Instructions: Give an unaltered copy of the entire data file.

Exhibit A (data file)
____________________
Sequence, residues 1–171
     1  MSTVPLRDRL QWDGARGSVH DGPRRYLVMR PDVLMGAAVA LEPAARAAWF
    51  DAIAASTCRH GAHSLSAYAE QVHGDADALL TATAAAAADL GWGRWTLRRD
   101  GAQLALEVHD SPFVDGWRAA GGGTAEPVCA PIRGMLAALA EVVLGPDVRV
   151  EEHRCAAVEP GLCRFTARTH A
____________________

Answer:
Sequence, residues 1–171
     1  MSTVPLRDRL QWDGARGSVH DGPRRYLVMR PDVLMGAAVA LEPAARAAWF
    51  DAIAASTCRH GAHSLSAYAE QVHGDADALL TATAAAAADL GWGRWTLRRD
   101  GAQLALEVHD SPFVDGWRAA GGGTAEPVCA PIRGMLAALA EVVLGPDVRV
   151  EEHRCAAVEP GLCRFTARTH A